Friday, June 24, 2005

A good nose for business

Does anyone have any tips that might help the 'average' business-clueless dummy develop their business 'nose' (or snout)? When it comes to investing my hard-earned cash, what would you consider to be the top 3 things I need to remember? Apart from hiring someone else to make sense of it all for me....of course!


t said...

I'm so glad you're here!
I'm sooo not an expert on this...
My feeling is this, though:
In general, you try to figure out the benefit money-wise(some kind of number that tells you how much your money's going to make, with what probablity, in what time frame, etc. Various metrics are probably described in accounting books or websites - any experts out there?).
The numbers are probably hard to figure out; they're not just based on what's on the books, but also what's NOT on the books, your idea of risk based on info about all kinds of stuff relating to the business you're investing in, i.e. your knowledge, your research, your advisers research...
Since investing dips into your time, not to mention YOUR money, I think it's really important to do what YOU LIKE e.g. support a technology you care about, build a space you adore, invest in a country you're rooting for, buy into a company that does great business, play safe if you're not into risk, play fast if you love the thrill...
I think the heart and mind should/would/could complement each other (even) in money matters.
I love wikipedia. This is their finance section (too long, but you may pick a topic or three :-)

t said...

More on wikipedia finance ( )
Some of the most relevant articles:
- in Valuation: discounted cash flow valuation, relative valuation
- in Financial Markets: Equity Valuation: PE ratio, market cap
- also see technical analysis, versus financial analysis/ fundamental analysis

Ogo said...

Thanks!! This is very helpful..

FemiS said...

Do what I'm about to do - get a financial planner, a broker and a great tax-person!

t said...

Isn't that expensive?
I ask because I don't know...

A broker is for stocks, right?
I've used a tax person before, but I don't think I need one?
And I wonder what a financial planner can do for me at the moment, if I don't have money to plan. say i had some cash, what could a financial planner help do?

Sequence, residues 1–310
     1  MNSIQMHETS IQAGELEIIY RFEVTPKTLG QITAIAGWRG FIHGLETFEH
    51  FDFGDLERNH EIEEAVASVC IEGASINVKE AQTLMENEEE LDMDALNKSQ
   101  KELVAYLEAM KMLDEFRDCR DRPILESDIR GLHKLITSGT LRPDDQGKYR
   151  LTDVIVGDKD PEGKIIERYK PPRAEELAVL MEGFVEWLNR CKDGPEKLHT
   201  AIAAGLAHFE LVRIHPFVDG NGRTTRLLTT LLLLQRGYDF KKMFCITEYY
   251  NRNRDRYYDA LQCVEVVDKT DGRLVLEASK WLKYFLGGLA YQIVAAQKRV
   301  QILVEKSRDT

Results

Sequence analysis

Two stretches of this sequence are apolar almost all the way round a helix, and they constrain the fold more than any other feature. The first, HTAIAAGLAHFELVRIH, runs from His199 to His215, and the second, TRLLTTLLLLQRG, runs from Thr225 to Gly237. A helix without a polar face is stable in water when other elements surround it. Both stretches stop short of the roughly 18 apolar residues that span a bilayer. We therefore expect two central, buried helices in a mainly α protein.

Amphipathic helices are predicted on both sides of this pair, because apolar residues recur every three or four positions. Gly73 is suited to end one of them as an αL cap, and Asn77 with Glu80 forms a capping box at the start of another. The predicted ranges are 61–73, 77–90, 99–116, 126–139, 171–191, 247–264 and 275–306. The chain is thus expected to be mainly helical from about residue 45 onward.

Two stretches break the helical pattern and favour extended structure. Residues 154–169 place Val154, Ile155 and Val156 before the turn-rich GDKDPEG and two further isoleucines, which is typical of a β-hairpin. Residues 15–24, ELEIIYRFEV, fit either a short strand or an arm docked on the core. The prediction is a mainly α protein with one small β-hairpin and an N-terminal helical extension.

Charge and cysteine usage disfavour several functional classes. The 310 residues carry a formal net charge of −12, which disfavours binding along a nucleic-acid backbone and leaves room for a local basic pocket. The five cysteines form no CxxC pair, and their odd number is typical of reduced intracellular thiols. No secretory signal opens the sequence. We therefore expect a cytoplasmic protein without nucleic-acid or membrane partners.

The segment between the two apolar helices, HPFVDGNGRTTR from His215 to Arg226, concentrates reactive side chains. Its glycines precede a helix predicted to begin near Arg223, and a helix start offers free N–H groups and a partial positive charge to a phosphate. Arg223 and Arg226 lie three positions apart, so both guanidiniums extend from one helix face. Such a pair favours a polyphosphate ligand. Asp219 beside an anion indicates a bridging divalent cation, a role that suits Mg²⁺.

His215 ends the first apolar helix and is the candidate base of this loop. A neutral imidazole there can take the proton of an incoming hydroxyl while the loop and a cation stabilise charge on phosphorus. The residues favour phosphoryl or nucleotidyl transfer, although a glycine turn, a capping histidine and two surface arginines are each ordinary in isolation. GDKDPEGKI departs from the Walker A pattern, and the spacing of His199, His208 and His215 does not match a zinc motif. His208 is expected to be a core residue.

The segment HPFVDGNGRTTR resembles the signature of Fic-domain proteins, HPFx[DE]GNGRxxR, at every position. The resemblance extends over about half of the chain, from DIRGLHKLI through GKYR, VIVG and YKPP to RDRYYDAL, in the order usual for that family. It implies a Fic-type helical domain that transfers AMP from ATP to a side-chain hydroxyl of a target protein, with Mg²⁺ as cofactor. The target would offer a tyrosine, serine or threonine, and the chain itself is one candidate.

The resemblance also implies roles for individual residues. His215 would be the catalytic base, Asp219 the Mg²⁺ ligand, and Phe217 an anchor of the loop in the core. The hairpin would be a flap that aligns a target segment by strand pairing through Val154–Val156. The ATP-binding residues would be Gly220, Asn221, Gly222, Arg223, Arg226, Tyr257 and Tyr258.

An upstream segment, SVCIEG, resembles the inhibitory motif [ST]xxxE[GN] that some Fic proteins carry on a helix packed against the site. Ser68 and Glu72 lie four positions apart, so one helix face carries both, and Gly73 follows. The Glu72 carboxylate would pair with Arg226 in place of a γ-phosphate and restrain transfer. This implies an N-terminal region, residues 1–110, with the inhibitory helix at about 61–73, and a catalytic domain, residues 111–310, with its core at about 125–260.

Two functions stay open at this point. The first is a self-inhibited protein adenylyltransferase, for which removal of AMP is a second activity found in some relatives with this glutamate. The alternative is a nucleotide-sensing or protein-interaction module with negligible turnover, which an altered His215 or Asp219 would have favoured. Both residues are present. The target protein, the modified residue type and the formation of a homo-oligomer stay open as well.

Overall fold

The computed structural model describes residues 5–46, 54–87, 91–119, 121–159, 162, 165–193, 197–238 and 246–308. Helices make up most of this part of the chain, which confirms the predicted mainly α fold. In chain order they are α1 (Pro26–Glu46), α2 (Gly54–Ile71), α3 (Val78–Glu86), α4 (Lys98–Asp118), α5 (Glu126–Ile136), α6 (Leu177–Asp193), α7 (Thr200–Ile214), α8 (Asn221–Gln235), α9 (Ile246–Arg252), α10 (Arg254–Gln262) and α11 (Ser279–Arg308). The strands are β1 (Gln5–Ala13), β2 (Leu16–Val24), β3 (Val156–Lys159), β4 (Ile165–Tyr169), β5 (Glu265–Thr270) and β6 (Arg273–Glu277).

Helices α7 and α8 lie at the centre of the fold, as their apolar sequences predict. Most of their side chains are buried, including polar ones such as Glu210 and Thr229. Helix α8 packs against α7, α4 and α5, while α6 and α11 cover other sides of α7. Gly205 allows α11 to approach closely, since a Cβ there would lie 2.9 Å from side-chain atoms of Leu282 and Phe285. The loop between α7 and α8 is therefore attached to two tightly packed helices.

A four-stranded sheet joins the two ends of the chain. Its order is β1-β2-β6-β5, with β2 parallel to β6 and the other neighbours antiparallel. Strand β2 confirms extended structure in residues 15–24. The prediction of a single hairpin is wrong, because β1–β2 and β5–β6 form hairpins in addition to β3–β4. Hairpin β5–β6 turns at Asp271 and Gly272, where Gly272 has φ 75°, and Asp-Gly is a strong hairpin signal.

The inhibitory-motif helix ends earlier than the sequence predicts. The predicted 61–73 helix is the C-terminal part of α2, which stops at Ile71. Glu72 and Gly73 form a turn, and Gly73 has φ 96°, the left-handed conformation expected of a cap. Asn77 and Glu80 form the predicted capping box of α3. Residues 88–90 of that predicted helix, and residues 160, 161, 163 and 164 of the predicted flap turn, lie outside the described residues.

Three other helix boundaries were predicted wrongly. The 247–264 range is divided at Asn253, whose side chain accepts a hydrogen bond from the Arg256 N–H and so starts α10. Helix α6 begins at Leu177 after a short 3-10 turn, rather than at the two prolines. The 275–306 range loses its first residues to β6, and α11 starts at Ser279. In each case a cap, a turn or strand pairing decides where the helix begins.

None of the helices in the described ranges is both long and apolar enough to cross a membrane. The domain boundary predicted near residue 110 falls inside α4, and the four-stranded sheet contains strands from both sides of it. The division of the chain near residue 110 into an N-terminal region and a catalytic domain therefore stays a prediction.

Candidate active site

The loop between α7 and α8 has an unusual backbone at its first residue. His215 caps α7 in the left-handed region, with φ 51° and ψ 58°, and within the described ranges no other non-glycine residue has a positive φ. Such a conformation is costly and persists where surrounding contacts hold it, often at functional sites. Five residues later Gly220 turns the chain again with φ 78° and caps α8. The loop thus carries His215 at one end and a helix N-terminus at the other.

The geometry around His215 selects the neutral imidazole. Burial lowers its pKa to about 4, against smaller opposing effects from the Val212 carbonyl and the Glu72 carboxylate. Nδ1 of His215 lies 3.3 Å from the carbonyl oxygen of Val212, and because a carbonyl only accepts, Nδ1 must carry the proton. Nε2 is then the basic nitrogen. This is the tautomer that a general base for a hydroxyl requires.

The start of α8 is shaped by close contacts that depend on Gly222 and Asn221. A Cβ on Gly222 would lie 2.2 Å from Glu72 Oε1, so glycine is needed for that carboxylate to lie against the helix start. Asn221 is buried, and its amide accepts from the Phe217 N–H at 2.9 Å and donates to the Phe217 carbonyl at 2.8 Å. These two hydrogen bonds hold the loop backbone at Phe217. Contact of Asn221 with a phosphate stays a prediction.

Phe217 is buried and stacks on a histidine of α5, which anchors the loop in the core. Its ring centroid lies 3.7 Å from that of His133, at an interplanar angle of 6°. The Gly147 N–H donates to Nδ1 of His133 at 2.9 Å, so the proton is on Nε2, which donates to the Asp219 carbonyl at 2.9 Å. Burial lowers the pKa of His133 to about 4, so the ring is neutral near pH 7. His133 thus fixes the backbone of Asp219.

Maxwell said...

"Does anyone have any tips that might help the 'average' business-clueless
dummy develop their business 'nose' (or snout)?"

Ogo, I hate to say this but a big part of successful investing THESE DAYS seems to revolve around just being at the right place at the right time. And how do you do that? By knowing inside information - plain and simple. Also, do the OPPOSITE of what everyone's doing. If they're BUYING, then you should be SELLING and vice versa. Obviously you know the ramifications of doing the very SAME thing as everyone else, right? You get screwed!!

As for myself, I don't really believe in investing per se. Instead, I'd rather start my own venture by finding a need, filling it, offering impeccabale customer service and SELLING it. I hope to accomplish that with which I hope to turn into the eBay/Amazon of Africa (some day) since the West has totally ignored this part of the world save for its natural resources. This is just my 2 cents.

t said...

More on growing your business nose:
Personal MBA - sweet idea, although I'm not actually doing it.

I personally like Robert Kiyosaki's Rich Dad books for learning good ways to think about money. You could learn the same from a host of other books or, as Kiyosaki writes, from playing Monopoly.

t said...

Who's a financial planner?
Right now, I'm my financial planner, but I could see how talking to someone besides just my many awesome friends, could be useful.

Like right now, I use professional career counselors / career service persons at my school, and it's good stuff! Must be the same kind of thing.


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